Q - Why did you write the paper?
Across the Luconia continental shelf, the nature and structures of the crust are lacking geological understanding and precise characterisation. We wished to utilise newly acquired, aeromagnetic, and airborne gravity data and see if it was possible to assess deep and shallow sub-surface structures within the Central Luconia Province, off the coast of Sarawak, offshore Malaysia. Our purpose is to utilise the high-resolution FTG data in improving the regional structural understanding of this region.
Q - Is this paper written from the PETRONAS / Bell Geospace MultiClient data set?
This paper is written based on the proprietary FTG data set acquired by Bell Geospace in 2014 over Central Luconia and Tinjar Provinces. We did not use the MultiClient data set. With this proprietary data set, we developed a promising workflow to interpret the FTG dataset (including the MultiClient data) particularly utilising the depth (Z) component and the aeromagnetic of the FTG. Albeit on a much smaller scale as compared to the MultiClient data, this workflow is proven to reveal convincing and significant geological interpretation that has added the value for the crustal and structural understanding of Central Luconia Province. Thus, this conceptual workflow can be applied to the available multiclient data in the region.
Q - Why does airborne data shed new light on this famously conjectural area?
Airborne gravity and aeromagnetic data provide high-resolution gravity and magnetic data as compared to the conventional gravity. The advantage of having X, Y and Z components with their respective tensors allows the examination of the subsurface from various perspectives.
Central Luconia is dominated by widespread carbonate build ups, coupled with heterogenous siliciclastic sediments. The variation in density of the sediments in the subsurface of Central Luconia provides good penetration of the FTG and provides high resolution data.
Most geoscientists working in this area had difficulties to interpret the geology underneath the carbonate build-ups due to undesirable geological imaging in conventional seismic. With the combination of FTG gravity and aeromagnetic data along with the seismic data in Central Luconia, we were able to image the potential subsurface structures underlying the carbonate build-ups. This has most definitely added the value of more geological understanding in this highly prolific hydrocarbon exploration area.
Q - What is the importance of understanding the trends in the shallow vs the deep?
By being able to differentiate the trends in the shallow and the deep subsurface of Central Luconia, precision in the geological understanding of the area has been improved.
The shallow subsurface, as reflected by the depth (Z) components of the airborne gravity is able to predict and conceivably locate the possible top carbonate areas that has never been explored previously. These carbonate build-ups might be some older Cycle II or III limestone that mostly been detected through seismic amplitude interpretation but has not yet been confirmed by any drilling due to the uncertainty in its geometry, extend of distribution and the structures surrounding it.
The deep subsurface structures mainly interpreted on the long wavelength gravity data provides a view of the extension of the structural trends in the subsurface of Central Luconia. The structures can be categorized into pre, syn or post rift related, depending on their trends and estimated depths. Aeromagnetic data of Central Luconia compliment the deep subsurface interpretation in Central Luconia by providing a hint of how the crystalline (magnetic) basement in this area behave and relate them to the tectonic evolution of the Luconia-Dangerous Grounds continental shelf. The crystalline (magnetic) basement in Central Luconia remains perplexing and speculative until present.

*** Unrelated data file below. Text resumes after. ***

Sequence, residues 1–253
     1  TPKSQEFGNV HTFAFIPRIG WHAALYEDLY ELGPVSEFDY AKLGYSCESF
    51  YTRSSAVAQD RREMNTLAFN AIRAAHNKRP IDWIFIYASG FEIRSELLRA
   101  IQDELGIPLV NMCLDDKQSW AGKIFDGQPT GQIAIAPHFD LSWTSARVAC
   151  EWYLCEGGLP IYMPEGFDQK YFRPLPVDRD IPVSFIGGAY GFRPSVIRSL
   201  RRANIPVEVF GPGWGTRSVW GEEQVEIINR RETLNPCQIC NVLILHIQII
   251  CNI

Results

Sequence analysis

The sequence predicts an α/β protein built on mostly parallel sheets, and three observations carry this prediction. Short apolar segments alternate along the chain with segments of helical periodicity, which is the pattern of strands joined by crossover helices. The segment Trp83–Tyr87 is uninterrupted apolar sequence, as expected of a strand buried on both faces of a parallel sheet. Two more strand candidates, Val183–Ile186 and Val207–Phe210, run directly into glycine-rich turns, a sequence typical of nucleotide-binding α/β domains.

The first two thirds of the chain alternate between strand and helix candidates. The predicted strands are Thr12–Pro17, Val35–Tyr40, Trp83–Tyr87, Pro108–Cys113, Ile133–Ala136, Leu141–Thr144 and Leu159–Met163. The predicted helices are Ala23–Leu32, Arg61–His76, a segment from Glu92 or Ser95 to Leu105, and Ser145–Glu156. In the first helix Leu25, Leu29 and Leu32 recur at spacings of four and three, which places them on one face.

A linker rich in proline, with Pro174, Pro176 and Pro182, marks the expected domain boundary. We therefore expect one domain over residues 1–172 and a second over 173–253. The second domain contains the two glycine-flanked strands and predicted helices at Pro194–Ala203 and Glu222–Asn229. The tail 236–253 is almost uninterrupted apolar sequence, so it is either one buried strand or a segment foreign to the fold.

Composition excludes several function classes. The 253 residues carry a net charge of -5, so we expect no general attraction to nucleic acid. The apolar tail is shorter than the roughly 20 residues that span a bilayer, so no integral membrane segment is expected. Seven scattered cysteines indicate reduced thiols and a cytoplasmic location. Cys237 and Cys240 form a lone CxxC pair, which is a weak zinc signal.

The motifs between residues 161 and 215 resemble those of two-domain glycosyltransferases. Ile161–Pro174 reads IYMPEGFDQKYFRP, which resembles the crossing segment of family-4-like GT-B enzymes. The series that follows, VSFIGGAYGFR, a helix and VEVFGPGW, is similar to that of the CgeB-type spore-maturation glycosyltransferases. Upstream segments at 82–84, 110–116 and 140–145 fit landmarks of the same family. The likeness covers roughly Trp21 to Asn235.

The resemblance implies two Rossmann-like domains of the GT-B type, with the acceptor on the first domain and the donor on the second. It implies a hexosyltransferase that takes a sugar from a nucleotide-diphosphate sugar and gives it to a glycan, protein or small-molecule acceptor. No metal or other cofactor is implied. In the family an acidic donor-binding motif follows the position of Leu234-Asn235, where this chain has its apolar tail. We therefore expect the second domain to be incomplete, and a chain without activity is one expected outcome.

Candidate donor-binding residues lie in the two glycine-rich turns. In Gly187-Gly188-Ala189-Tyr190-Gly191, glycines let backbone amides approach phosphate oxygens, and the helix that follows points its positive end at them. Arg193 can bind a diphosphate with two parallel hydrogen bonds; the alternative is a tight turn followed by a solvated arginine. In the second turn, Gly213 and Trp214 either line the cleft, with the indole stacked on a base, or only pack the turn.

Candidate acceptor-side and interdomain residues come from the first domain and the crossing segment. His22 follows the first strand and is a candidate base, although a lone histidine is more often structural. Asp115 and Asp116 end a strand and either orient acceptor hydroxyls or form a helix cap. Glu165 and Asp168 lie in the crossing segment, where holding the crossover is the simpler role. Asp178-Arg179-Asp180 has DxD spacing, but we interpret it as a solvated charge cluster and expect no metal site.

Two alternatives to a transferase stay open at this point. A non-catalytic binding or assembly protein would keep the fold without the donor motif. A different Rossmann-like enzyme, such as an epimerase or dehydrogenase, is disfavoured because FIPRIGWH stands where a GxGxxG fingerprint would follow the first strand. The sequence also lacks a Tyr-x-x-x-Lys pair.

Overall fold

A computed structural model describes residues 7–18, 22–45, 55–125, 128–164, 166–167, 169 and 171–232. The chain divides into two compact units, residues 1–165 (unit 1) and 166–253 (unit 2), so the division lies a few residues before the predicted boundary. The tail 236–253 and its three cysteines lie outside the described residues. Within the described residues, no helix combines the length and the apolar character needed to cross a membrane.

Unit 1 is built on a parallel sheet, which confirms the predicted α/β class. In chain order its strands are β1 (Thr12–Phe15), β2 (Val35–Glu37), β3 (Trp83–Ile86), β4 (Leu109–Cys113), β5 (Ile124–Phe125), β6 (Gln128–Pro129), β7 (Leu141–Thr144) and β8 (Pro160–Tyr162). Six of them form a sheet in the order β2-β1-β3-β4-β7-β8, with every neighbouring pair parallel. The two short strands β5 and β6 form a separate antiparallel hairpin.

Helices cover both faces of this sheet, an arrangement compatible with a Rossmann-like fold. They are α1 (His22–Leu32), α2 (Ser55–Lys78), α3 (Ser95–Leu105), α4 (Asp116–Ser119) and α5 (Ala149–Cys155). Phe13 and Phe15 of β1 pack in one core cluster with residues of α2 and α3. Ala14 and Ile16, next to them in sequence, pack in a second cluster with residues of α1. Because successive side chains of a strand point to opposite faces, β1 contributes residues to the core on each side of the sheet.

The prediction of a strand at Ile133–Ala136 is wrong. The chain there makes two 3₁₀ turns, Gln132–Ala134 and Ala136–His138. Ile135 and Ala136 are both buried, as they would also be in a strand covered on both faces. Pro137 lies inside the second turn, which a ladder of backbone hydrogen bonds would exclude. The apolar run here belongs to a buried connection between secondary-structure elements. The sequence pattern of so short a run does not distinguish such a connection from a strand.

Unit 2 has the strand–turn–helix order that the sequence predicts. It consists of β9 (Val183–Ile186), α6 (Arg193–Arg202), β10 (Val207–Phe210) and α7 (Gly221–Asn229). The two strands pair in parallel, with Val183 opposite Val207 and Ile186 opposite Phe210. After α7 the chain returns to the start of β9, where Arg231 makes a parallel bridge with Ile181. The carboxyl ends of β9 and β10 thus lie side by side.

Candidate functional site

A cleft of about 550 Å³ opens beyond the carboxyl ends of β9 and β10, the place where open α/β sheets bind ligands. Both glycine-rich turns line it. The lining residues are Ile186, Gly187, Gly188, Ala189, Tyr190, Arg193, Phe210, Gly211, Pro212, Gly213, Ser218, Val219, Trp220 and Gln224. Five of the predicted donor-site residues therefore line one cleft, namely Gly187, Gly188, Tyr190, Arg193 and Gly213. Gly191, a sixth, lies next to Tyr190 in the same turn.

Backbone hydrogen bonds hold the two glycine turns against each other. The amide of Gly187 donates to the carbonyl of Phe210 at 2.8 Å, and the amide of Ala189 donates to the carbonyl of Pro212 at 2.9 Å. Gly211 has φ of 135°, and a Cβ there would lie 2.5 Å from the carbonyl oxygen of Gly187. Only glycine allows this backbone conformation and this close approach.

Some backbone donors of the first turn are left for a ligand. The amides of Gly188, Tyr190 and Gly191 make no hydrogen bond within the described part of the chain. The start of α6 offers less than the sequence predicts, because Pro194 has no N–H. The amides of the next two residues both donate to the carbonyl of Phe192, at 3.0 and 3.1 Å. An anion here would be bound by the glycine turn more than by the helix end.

Q - How intricate/complicated are the interpretation methods in the paper? How much of an expert does one need to be to be able to work with this type of data
The interpretation method applied through this paper is straightforward. However, an interpreter who wish to achieve the same objectives is preferably to be equipped with strong geological (particularly structural and tectonic) and geophysics knowledge. Substantial geophysics background/fundamental is also required to distinguish how gravity, aeromagnetic and seismic data were acquired and processed. This is crucial in order to differentiate the artefacts/noise with the potential real geological information in these geophysical data.
Q - Could an exploration manager use the information in your paper to make drill decisions?
To be able to make drilling decision, the results from this paper should be further evaluated by analysing more seismic and deep seated well data, particularly the sonic and density logs. This paper help to provide a bigger view on the geology of Central Luconia and more data is needed to develop the potential drilling locations.
Q - What’s the one thing you would like readers to walk away with?
The advancement of geophysical data as FTG gravity and aeromagnetic data should not be wasted by the non-geophysicist (geologist and engineers). These data contain tremendous geological information, and many of them, has yet to be revealed. All of them are valuable and should be incorporated in delineating the geology on an area. As such, this paper serves as an example on how the geophysical data give advantage in improving the geology of an area.
Q - How can I access the paper?
Much more information regarding the Malaysia data can be found on the Bell Geospace webpage.
Please do feel free to send questions to the author or the Bell Geo team using the comments box.
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